We've all heard the news and the headlines: “Virginia Cooperative Extension Services Facing Restructuring” … “Proposal Cuts $2 Million From University of Nevada Cooperative Extension.” When Oregon Gov. John Kitzhaber proposed cutting the Oregon State University Extension service by 18.8 percent in 2011, it was on top of a cut of 14 percent the previous biennium.
Extension services around the country have been under budget pressure for years. Reductions in funding from the traditional tripartite base of federal, state and county support has forced restructuring, layoffs and office closures. The President's 2013 budget calls for a reduction in federal spending for Extension services of only $12.7 million in Extension-only funding; however, other funding of combined Extension, education and research also faces proposed cuts. That's not good, but it could likely get worse. The Ryan budget endorsed by the House of Representatives would slash discretionary spending, which accounts for virtually all Extension funding, by 50 percent over 10 years.
Combine these scenarios with state and local budget woes and state Extension services may be facing extinction. One reason is the only thing left to cut is workers.
FACING BUDGET PRESSURES
"Here in Pennsylvania, our administration would tell you almost 95 percent of our budget is people," said Paul Craig, Extension program leader, crop management team. "You can't cut back on other costs, and our budgets aren't keeping up today."
Craig is also the president of the National Association of County Agricultural Agents. In the past 10 years, membership has fallen from 3,200 to 2,100 as states have adapted to the new realities of budget cuts and a changing clientele. As farm size and farmer sophistication have changed, so has demand for services.
"In 2000, the farmers and agricultural industry in the state told the administration that they wanted more specialized knowledge from Extension," explained Craig.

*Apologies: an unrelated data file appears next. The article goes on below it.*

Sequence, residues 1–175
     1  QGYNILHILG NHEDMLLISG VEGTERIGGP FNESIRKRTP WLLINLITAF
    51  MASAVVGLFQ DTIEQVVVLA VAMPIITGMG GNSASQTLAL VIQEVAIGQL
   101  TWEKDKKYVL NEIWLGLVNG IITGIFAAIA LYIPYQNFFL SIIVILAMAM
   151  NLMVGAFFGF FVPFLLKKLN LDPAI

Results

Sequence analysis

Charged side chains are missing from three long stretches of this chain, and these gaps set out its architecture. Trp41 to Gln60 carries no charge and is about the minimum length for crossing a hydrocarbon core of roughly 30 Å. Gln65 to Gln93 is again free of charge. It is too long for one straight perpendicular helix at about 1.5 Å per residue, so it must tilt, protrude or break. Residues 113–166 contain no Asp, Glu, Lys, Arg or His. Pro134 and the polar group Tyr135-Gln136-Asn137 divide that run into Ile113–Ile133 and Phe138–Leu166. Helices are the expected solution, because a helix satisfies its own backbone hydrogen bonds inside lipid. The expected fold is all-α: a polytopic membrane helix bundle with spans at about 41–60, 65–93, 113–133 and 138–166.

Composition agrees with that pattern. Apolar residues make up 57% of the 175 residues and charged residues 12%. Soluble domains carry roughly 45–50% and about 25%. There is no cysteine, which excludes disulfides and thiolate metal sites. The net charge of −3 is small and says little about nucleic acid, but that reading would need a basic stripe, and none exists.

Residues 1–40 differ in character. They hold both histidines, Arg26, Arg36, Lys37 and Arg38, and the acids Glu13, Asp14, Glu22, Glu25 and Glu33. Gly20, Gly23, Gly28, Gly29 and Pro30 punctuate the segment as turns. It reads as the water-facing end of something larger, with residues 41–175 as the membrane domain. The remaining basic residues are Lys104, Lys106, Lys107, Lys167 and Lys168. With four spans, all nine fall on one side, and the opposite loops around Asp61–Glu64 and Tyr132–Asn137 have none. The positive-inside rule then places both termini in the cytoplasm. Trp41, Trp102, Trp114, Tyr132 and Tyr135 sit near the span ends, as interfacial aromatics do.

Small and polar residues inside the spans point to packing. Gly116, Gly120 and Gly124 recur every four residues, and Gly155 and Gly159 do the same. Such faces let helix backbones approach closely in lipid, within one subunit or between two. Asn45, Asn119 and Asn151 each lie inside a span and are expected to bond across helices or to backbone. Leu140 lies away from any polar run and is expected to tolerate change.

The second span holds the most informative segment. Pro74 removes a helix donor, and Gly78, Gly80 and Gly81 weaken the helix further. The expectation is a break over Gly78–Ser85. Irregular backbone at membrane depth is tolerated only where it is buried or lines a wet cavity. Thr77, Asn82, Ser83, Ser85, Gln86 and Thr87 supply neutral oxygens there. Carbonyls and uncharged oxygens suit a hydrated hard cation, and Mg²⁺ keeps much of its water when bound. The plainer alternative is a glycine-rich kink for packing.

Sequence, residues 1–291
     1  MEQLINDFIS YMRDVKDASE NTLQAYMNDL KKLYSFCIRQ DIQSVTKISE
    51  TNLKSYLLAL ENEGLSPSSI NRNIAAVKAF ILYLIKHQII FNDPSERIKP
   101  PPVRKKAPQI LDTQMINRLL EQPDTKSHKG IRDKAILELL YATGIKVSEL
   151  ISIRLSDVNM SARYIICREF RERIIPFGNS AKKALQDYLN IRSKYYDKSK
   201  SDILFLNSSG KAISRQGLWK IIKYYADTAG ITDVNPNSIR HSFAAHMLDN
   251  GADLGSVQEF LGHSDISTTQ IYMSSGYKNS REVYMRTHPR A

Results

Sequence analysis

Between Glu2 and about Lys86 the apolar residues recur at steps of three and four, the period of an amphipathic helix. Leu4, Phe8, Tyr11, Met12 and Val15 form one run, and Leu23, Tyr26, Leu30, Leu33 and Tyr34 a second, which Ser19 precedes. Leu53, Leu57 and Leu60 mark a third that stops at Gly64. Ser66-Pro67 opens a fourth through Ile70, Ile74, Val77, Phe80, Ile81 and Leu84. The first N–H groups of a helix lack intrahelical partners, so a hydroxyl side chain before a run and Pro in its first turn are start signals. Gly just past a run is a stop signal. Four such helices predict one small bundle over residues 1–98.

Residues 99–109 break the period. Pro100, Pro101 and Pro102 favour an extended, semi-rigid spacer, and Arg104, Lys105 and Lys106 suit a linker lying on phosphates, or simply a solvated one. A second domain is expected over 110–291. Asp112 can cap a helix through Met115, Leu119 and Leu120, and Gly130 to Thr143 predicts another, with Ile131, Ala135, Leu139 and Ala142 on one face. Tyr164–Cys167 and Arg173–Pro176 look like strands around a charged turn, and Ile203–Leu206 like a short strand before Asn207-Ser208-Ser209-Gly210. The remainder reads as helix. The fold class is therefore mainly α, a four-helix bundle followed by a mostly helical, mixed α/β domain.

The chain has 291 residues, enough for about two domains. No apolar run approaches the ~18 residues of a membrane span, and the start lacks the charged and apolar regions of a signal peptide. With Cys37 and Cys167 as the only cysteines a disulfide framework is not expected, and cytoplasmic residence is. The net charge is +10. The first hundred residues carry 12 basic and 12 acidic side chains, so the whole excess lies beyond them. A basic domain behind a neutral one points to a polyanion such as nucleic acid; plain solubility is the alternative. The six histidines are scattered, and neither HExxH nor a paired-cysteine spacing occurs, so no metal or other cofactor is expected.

Pennsylvania responded by setting up regional teams. Extension educators from nine counties were made part of groups, with each member taking on a particular area of expertise. Craig became the forage specialist with others taking on crops, plant nutrition, grain and pest management. Dairy and horticulture teams were also set up by region. Each Extension agent retained county duties as well; however, now they also traveled to other counties in their group.
"It allowed me to narrow my focus and learn new things in my specialty area, and that was exciting," recalled Craig. "Unfortunately, it also affected local support in some counties. It's hard to get support for a position when the person travels outside the county. You had to get support from multiple county governments."
Such regionalization and the challenge that goes with it is now more the norm around the country as few, traditional, “generalist” county agents remain in place. This could be seen as a slippery slope. In Pennsylvania, the nine-county group grew to cover 15 counties and eventually the entire state.
"In Pennsylvania and I'm sure in others as well, the traditional state Extension specialist with an appointment in research has been reassigned to teach college courses," explained Craig. "We now serve in their place."
ENTERING THE DIGITAL AGE
Blaine Viator, president, National Alliance of Independent Crop Consultants (NAICC), said when the subject of changes in Extension and the challenges it faces comes up, fellow NAICC members respond passionately and often with widely differing views depending on the individual's experience with their state's Extension Service.
"Having been in the university system, obtaining a doctoral degree and then entering the private sector as a private consultant, I guess I have seen it from both sides of the picture," said Viator.
Viator misses the old days of well-funded state and county Extension educators based on strong university research. However, he also recognizes and endorses the value of specialization such as he has seen develop in other states that have shifted to the regional specialist approach.
"Most of my clients are on smartphones and social media," he said. "They could be receiving Extension recommendations directly from state or regional specialists. Ten or 20 years ago, you had to drive to every farm to talk to the farmer. That's no longer the case."